Tuesday, September 27, 2016

The Fall Garden

This was the second very dry summer in a row.  I think it rained twice between May and September.  Good summer for fruit, though.  We´ve had apples, pears, plums, lots of blackberries, even a couple of walnuts but not a single, solitary grape.  Got good production from the runner beans, onions, courgette/zucchini, peppers, green basil and, surprisingly enough, the tomatoes.  The cherry tomatoes especially were still pumping out product.  Unfortunately, they all had blight and I ripped them out to burn them.  The Santiago Black was especially good and flavorful.

Carrots are a little short, but I wasn´t diligent about thinning them.  Tasty though.

I got one strawberry.  Didn´t net adequately or early enough.

I have renewed respect for anyone that can grow a decent head of cauliflower.  All ours were buggy and scant.  The broccoli was only slightly better.

Peppers finally showed up.  Unfortunately, I had a tough time telling which were the Orense, the Piquillo and the Padron.  Wondering how to preserve them now.  Can I roast and freeze them?

Peas didn´t like the heat or the drought.  I planted more, and they´ve germinated, but it´s probably too late to get any this fall.

The courgette got powdery mildew and passed it on to the butternut squash.  So far there are 3 giant and 2 good sized squash growing, as well as some littler ones.  Hoping they ripen.

Brussels sprouts are tall and sprouting.  Not exactly sure when one harvests them. Is there a trick to getting nice tight heads?

Planted beet greens, kale, spinach and parsnips and all appear to have germinated.  Will probably buy some cabbage starts from the farmers market, though cabbage is so cheap and the dreaded white butterflies so plentiful it may not be worth it.  I bought 4 tiny rhubarb starts, some lavendar and some sage the last time I was there. Garlic will probably go in where the tomatoes and peppers were.  Thinking of doubling the size of the garden.  We´ve discovered you can rent a tiller for 18€ a day in the village and it seems to me money well spent, if only to get experience using one. I´ve had plastic down to kill the grass for a while.  Now mulling a new layout.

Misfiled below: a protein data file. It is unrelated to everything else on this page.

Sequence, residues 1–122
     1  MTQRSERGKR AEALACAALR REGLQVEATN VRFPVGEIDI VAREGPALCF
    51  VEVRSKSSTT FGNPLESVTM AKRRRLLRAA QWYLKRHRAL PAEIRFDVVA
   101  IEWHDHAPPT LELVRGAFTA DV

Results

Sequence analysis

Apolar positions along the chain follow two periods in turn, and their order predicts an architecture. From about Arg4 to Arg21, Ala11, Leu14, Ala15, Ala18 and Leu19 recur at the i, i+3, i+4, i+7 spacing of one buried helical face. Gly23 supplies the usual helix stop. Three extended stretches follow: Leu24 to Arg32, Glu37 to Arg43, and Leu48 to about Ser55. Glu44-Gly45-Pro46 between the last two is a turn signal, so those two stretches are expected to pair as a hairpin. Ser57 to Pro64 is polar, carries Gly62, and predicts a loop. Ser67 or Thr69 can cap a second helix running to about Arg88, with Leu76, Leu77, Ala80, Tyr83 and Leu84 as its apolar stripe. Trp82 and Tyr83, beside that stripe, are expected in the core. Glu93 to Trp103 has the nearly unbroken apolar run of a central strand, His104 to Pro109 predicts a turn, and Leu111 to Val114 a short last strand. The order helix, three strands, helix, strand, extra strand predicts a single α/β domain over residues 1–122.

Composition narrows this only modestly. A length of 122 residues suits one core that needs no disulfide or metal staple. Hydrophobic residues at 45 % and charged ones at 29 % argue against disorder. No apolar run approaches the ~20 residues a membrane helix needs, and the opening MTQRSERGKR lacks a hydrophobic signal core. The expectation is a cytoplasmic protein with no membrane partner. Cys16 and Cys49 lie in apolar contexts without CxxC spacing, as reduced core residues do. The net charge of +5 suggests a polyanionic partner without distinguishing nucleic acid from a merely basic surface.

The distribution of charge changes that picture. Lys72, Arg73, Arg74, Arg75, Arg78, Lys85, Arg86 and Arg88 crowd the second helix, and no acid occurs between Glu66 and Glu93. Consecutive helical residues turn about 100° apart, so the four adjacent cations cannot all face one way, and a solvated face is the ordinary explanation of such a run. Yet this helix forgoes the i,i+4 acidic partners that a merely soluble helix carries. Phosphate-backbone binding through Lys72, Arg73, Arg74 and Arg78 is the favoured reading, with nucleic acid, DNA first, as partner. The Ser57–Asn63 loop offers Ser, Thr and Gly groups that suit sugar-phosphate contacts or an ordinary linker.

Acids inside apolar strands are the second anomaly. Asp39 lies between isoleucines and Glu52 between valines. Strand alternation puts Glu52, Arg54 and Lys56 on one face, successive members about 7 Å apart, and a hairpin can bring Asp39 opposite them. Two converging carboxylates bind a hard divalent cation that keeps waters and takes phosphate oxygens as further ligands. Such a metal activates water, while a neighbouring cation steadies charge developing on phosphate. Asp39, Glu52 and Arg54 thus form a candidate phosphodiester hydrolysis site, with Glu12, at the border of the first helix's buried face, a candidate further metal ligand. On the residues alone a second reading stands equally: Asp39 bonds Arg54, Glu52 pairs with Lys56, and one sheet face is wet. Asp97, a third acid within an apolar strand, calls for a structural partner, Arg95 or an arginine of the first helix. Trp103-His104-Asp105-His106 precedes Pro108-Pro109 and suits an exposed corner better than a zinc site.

Got 2 jars of pickles, 4 jars of tomato sauce, 2 jars of pesto, 4 small jars of blackberry jam, and 2 jars of bramble jelly done.  Am thinking I should try making sauerkraut to see if I like it.


  1. Have you found
    the no-dig guru.Recommend you take a look.Not only would he save you work in tilling but moisture conservation by mulching could help.The trick with Brussels is to plant really deeply into uncultivated(firm) soil and water in with liquid mud, then firm with your heel.Good luck
    Mart (North east Hampshire, UK

  2. Thanks for your comment Mart. Yes, Mr. Dowding has a lot of success with his methods. Well worth reading.

    Don´t remember exactly how deeply I planted them, so I´ll just have to cross my fingers, I guess. They certainly look healthy.

  3. Hi Coco,

    What a great harvest and yeah I hear you about the strawberries! :-)! Wow, so much to eat and your garden is looking great! Out of curiosity, did you find that the cherry tomatoes outperformed the larger variety of tomato fruit? Cauliflower is a tough vegetable here too because of the white cabbage moths.

    I've found that the peas enjoy a lot of water during hot summers - probably more than I can reasonably give them... Snow peas usually produce pods before New Years here so they're a bit more reliable because they're early. Out of interest, what sort of variety did you grow?

    I hope Breo is assisting with the garden?

    Great to hear that you are considering implementing everything for the next season based on what you've learned this season! Top stuff.



  4. Hi Chris,

    Yes - next year I will not require 4 cherry tomato plants. I think 2 will be more than enough. The blight was a real shame. A lot of kilos of tomatoes got tossed, including all the big ones in the header photo. :(

    There was an article in the paper the other day about the recovery of local tomato varieties, and the consensus was the Santiago Black was a popular success. So I´m not alone.

    I don´t know what the garden peas are - they came in a box from the Ag coop. They never got very tall and then just gave up and turned brown at the height of the summer heat. The nights are very cool now, though we´re still having warm dry days, so I doubt the new ones will get to production before first freeze at the end of November. I don´t really care for mange tout peas/pods. I´d rather have the peas. The handful I got were incredibly sweet and delicious :)

    I need to be thinking about planning the beds so they dry out sooner in case we have another wet spring.